A subcutaneous (say "sub-kyoo-TAY-nee-us") shot is an injection of medicine under the skin, but not in a muscle. Some medicines, such as insulin or the blood-thinner enoxaparin (Lovenox), are injected only under the skin. This type of shot is usually given in the belly or the thigh.
At first, you may be nervous about giving yourself a shot. But soon, giving the shot will become routine.
Follow-up care is a key part of your treatment and safety. Be sure to make and go to all appointments, and call your doctor or nurse call line if you are having problems. It's also a good idea to know your test results and keep a list of the medicines you take.
Follow your health professional's instructions for where and how often to inject your medicine. Your nurse will show you how to give yourself the shot.
This includes your syringe (containing medicine) and an alcohol wipe or a cotton ball dipped in alcohol.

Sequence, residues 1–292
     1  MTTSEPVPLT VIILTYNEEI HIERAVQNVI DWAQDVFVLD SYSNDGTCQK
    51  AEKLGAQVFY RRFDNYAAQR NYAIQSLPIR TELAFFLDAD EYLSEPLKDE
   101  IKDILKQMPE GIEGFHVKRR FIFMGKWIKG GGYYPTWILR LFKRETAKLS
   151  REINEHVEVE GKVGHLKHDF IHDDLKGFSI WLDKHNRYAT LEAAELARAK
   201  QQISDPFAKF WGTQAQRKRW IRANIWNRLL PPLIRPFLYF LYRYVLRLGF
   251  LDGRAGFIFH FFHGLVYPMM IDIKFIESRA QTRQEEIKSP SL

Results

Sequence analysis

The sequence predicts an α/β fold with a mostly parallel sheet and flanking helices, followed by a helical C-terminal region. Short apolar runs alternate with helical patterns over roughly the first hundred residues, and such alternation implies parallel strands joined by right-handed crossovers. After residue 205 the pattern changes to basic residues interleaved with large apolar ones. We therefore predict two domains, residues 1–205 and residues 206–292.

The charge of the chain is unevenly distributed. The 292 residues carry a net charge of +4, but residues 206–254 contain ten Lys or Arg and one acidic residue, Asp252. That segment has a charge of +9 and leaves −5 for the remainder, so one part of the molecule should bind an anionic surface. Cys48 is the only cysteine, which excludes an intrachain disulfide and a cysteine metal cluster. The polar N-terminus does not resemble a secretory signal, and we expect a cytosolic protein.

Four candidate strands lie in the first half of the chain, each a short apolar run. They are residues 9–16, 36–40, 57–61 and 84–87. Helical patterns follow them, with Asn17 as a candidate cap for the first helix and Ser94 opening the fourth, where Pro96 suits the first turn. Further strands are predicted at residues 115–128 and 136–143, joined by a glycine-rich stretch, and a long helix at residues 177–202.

Dry them well.
A shot in the belly should be 5 centimetres away from your belly button.
Let it dry.
Keep your fingers off the plunger.
Pinch it between the fingers and thumb of one hand.
The needle should stand straight up from the skin.
This allows the medicine to go into the fatty tissue. Be sure to hold the skin fold as you give the shot. This will help make sure that you don't inject the medicine into muscle.
You can use your finger, a cotton ball, or a piece of gauze. To help avoid bruising, don't rub the area.
Don't use the same needle more than one time.
Slightly change the spot where you give the shot each time you do it.
Watch closely for changes in your health, and be sure to contact your doctor or nurse call line if you have any problems.
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Current as of: July 25, 2018
Adam Husney MD - Family Medicine & Kathleen Romito MD - Family Medicine
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